If Magnus Carlsen is the ‘hero of the computer era’ (see the review of Fighting Chess with Magnus Carlsen elsewhere at this site), then Tal was the absolute antithesis, especially in his early career. His speculative sacrifices, many of which were later found to be objectively dubious, would hardly stand scrutiny by a modern-day computer. Yet they won him the world championship because he was more courageous and could see farther and deeper than his contemporaries. For Tal, chess was a medium to test his own and others’ vision. His was a psychological approach, and a computer would, of course, be impervious to it.

There are two aspects to this wonderful book, an ebullient celebration of the magician from Riga. The first consists of individual contributions from Tal’s widow Engelina and from several players – among them Spassky, Uhlmann and Kramnik – who knew Tal as a friend and/or opponent. Of these, my picks would be the wide-ranging interview with Yusupov and a fine piece of analysis by Hubner. Yusupov perceptively remarks that Tal’s style maximised his strengths. As a player he was an amalgam of artist and psychologist, risk-taker and competitor, and his strengths lay primarily in his imagination, his combinational vision and a rare ability to calculate deeply and accurately. He used these strengths to challenge and unsettle his opponents, creating situations where they felt under constant threat. Only a handful of players – Yusupov singles out three: Spassky, Petrosian and Korchnoi – were able to resist this approach. Hubner, as a tribute to Tal’s genius, analyses the game he played against Keller at Zurich 1959. It takes all of 44 pages. The German grandmaster doesn’t do superficial or sloppy.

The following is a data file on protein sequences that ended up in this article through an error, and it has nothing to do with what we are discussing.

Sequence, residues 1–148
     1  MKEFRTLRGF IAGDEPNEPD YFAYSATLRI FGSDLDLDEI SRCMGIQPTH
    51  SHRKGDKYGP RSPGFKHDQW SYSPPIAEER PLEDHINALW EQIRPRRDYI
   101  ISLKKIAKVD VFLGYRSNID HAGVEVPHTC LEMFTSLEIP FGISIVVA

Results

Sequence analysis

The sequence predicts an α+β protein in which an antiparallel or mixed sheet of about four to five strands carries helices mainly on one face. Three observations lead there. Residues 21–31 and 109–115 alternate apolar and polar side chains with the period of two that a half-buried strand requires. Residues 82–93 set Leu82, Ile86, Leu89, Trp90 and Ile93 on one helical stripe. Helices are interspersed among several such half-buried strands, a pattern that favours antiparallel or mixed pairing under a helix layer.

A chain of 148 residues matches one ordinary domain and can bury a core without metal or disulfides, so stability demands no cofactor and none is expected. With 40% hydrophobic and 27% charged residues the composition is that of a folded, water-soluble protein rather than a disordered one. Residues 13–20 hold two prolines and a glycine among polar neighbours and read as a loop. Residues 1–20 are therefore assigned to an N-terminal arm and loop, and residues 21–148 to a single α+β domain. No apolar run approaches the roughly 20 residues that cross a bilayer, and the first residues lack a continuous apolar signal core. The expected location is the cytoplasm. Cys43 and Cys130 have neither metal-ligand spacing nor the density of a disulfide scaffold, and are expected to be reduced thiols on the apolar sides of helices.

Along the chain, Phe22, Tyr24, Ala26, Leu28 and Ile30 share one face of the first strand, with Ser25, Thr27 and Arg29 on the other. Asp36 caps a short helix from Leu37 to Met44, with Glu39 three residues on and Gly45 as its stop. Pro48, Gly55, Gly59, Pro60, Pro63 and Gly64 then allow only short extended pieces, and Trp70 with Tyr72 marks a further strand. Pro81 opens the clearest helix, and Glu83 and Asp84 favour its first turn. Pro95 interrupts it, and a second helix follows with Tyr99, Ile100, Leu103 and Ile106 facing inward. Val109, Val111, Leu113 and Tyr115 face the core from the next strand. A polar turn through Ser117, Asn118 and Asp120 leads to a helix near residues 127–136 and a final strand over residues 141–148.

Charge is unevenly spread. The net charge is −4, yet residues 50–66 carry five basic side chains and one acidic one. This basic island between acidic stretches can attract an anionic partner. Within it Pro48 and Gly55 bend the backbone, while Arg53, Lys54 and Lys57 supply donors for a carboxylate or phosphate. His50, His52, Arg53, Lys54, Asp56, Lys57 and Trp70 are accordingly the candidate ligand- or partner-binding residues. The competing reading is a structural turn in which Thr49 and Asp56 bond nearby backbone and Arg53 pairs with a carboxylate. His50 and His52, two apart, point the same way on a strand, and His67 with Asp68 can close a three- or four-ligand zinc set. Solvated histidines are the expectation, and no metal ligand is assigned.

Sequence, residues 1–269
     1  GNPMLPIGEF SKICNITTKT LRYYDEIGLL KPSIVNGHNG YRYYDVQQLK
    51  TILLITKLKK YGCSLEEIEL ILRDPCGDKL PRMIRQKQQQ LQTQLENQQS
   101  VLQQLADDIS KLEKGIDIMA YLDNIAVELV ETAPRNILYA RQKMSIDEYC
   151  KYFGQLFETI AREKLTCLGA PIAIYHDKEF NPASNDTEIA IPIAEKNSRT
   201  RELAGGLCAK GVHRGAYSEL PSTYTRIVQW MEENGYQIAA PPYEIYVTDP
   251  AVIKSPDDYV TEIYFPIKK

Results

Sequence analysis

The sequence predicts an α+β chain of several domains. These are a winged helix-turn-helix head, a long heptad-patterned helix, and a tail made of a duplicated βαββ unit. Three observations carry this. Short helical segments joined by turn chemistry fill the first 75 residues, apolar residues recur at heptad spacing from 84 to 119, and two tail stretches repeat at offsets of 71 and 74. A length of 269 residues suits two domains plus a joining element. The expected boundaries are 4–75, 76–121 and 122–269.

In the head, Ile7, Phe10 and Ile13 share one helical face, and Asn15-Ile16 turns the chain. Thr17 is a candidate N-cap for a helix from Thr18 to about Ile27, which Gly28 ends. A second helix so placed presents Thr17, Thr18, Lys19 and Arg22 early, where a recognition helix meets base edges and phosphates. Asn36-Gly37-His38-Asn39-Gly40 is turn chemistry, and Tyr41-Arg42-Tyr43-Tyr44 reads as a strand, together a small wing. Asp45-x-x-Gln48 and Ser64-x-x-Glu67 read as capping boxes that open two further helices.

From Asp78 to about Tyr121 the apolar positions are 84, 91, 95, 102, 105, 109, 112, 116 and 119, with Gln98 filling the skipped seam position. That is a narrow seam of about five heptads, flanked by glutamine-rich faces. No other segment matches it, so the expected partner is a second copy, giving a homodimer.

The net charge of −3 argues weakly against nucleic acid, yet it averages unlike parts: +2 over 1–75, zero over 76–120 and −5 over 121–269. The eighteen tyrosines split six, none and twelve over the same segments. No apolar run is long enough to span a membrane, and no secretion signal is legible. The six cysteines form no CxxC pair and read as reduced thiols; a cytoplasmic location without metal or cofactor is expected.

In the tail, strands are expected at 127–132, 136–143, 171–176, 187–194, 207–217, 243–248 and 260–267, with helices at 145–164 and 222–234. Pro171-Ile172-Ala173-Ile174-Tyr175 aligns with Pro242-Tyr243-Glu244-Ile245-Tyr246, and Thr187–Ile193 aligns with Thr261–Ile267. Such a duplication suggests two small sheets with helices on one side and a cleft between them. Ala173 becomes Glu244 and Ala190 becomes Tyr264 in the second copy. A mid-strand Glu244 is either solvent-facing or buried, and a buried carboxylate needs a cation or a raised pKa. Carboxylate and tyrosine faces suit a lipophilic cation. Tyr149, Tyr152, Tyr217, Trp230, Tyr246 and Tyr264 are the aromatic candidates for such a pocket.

The second aspect of the book is that it serves as an advanced textbook on tactics, the gen here being 100 challenging exercises with detailed solutions. Some 10 exercises are concerned with speculative (unclear and sometimes not entirely correct) sacrifices, while 28 exercises are about ‘Defending or Warding off Magic’ – that is, finding the defensive or counter-attacking possibility that Tal’s opponent had missed. So it’s not your typical set of tactical puzzles.

For another personal view of Tal, I’d recommend above all Sosonko’s memoir ‘My Misha’; it is one of the pieces collected in his Russian Silhouettes and is wonderful. However, admirers of Tal’s magical chess will feast on this splendid book. Note that you’ll likely need a good grasp of German to get the most out of it.

The publisher’s description of the book can be read here.


The Safest Grunfeld

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The Safest Grunfeld

By Alexander Delchev and Evgenij Agrest

Chess Stars, April 2011

ISBN: 9789548782814


The Grunfeld Defence is a dynamic opening which has been played by several world champions, not least Bobby Fischer.

The American used it to good effect in two brilliant victories over the Byrne brothers, Donald (1956) and Robert (1963), though he was less successful against Boris Spassky. A big reason for this high-level advocacy is that the opening is genuinely testing for White: Black’s active, centralised pieces are fiendishly threatening and the play can become very sharp, very fast.